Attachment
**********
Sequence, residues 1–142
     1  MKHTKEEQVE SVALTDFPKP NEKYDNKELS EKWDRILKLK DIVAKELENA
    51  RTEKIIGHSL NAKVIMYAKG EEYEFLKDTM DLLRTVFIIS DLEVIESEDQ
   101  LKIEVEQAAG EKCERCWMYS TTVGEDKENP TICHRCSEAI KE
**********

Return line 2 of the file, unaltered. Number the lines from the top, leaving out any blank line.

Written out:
     1  MKHTKEEQVE SVALTDFPKP NEKYDNKELS EKWDRILKLK DIVAKELENA